forestry group, and applaud their efforts to rehabilitate 50,000 acres of
Art and Judy Harwood host barbecue for RFFI meeting in their Usal Forest meeting.
industrially logged redwood forest in the steep Usal basins along the South Fork Eel River, north of the Angelo Coast Range Reserve in Mendocino Co. We admire RFFI’s goal of rehabilitating salmon-bearing rivers and recovering sustainably harvested redwood forests, sustaining both native species and human livelihoods along the North Coast.
Angelo researchers partnered with RFFI in a presentation at an Ecological Society of America Millenium Conference on Water and Social Justice (link to RFFI poster loaded into media link to poster). We have also joined them for discussions on their plans for a new environmental education center near Piercy, and on potential restoration of channels on their lands near the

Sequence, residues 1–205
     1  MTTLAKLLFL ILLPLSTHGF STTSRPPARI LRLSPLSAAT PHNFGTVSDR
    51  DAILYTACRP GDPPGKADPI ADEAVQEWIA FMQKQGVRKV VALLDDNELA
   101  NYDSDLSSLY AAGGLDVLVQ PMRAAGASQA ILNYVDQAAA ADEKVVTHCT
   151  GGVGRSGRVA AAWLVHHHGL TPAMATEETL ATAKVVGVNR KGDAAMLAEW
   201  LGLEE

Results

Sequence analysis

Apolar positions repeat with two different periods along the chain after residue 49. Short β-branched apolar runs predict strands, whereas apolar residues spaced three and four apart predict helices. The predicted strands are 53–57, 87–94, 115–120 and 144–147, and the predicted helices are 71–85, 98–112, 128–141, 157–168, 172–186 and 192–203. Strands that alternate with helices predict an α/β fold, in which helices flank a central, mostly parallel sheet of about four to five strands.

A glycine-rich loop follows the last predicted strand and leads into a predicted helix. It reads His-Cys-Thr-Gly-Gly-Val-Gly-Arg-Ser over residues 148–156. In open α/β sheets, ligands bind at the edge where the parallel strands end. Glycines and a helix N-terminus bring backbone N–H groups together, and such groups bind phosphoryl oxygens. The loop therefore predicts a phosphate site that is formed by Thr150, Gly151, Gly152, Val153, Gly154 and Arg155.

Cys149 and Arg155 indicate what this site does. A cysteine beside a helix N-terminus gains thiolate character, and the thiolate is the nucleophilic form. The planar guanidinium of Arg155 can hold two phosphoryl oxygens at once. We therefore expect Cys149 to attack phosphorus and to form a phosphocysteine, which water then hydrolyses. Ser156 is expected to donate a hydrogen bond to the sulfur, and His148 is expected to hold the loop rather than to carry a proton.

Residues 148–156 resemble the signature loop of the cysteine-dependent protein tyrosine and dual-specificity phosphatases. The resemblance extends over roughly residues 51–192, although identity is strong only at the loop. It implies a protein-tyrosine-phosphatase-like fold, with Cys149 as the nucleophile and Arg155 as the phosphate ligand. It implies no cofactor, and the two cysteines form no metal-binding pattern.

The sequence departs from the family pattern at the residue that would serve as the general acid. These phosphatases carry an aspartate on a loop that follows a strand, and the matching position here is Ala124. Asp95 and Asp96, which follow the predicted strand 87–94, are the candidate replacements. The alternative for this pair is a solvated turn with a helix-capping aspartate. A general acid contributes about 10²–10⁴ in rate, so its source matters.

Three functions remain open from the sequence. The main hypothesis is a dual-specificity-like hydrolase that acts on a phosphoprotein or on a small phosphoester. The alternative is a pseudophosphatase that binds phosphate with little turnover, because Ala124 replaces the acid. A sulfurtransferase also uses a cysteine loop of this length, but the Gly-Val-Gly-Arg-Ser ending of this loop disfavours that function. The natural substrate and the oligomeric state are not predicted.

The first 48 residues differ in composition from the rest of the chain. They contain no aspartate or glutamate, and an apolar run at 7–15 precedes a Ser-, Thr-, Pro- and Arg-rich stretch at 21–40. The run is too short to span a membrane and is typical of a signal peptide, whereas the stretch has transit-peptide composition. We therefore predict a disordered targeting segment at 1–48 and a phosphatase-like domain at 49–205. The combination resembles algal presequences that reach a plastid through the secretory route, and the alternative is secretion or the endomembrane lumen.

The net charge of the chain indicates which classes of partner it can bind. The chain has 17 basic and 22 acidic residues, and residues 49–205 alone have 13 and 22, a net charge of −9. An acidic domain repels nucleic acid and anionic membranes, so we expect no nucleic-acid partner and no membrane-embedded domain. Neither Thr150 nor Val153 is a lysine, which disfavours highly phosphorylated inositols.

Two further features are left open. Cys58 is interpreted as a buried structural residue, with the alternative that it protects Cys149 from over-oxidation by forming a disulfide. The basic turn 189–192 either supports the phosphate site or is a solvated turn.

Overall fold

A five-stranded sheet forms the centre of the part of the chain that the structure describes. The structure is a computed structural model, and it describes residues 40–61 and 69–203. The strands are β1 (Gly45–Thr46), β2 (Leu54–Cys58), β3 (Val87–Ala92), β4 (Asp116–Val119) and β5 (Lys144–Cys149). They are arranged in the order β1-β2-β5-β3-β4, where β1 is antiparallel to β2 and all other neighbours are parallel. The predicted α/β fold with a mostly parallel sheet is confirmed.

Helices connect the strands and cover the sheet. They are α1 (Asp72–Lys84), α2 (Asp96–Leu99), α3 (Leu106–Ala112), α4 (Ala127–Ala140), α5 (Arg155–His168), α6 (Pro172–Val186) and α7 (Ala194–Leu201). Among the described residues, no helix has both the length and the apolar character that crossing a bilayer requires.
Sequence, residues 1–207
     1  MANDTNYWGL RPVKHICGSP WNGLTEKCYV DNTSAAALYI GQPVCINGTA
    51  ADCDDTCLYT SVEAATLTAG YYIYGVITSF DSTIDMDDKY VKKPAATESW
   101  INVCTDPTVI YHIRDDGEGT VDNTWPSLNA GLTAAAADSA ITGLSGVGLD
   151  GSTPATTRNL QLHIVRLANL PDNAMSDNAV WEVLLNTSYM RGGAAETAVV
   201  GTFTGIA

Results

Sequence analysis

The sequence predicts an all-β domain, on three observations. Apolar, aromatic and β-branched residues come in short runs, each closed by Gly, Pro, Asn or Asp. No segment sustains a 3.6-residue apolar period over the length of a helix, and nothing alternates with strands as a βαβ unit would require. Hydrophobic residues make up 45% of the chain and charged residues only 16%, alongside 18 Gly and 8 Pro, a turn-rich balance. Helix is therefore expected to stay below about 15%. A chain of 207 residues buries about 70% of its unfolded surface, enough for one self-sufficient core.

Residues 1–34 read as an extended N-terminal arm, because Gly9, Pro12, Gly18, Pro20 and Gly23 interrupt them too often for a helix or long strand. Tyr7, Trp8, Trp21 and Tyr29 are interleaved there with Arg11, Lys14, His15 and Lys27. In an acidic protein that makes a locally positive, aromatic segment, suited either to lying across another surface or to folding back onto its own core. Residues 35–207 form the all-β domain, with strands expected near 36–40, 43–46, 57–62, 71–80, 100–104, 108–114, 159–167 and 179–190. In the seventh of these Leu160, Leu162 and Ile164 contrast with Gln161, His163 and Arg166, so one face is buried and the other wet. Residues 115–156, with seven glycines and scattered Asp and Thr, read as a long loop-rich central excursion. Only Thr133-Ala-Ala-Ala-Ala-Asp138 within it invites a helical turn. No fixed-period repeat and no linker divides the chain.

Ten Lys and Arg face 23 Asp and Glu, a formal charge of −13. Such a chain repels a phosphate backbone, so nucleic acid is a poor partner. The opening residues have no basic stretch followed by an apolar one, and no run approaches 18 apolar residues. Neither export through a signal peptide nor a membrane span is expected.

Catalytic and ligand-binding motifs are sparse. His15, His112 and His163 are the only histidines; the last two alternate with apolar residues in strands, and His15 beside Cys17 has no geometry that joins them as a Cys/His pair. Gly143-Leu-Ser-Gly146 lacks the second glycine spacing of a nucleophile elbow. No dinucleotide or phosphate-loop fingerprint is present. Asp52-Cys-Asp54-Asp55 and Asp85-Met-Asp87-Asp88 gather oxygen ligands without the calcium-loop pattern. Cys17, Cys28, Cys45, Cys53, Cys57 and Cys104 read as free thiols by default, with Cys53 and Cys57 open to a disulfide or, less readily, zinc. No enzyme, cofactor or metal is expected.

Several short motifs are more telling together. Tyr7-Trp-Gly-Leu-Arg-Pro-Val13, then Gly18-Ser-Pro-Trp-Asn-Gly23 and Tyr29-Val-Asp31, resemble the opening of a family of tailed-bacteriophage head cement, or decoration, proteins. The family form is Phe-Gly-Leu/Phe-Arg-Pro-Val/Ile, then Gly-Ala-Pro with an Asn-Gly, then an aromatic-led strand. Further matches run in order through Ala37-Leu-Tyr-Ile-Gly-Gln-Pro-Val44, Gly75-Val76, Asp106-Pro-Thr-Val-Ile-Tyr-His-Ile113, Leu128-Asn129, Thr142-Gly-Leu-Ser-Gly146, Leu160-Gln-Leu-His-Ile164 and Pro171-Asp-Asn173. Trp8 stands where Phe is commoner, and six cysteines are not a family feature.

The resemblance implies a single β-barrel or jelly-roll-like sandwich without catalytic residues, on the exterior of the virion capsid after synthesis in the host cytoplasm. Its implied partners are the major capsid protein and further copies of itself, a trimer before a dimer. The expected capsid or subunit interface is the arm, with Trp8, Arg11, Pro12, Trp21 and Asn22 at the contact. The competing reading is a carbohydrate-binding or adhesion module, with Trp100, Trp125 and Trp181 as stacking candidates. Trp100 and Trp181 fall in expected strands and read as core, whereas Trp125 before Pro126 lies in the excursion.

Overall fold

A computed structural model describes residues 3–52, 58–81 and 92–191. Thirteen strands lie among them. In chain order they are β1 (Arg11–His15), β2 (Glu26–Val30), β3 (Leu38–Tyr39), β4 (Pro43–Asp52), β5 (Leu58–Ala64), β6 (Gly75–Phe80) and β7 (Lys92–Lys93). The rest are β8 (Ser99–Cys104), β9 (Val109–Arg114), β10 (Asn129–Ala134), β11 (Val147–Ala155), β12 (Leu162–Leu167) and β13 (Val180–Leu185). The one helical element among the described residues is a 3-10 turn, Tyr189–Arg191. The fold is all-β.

Right to left–Bill Dietrich, Dorothy Merritts, Bob Walter, and RFFI Forest Manager in alder grove near the mouth of the Usal River, discussing restoration options. Equisetum (horse tail) indicates proximity of water table in this shaded swampy meadow.
confluence of the North and South Fork Usal, At this site, RFFI is addressing the problem of logging legacies that triggered a landslide into the North Fork Usal channel. The sediment piled up in the channel, blocking summer passage for salmonids, leaving fish to die of heat shortly before the final reach that could convey them to the sea. One restoration hypothesis would
Mature alder grove just above blocked reach of the low-flow Usal, where, if historic anabranching swales were dug below water table, out-migrating salmonids might be able to wait in cool water for the onset of the winter floods to convey them out to sea. Photo by M. Power.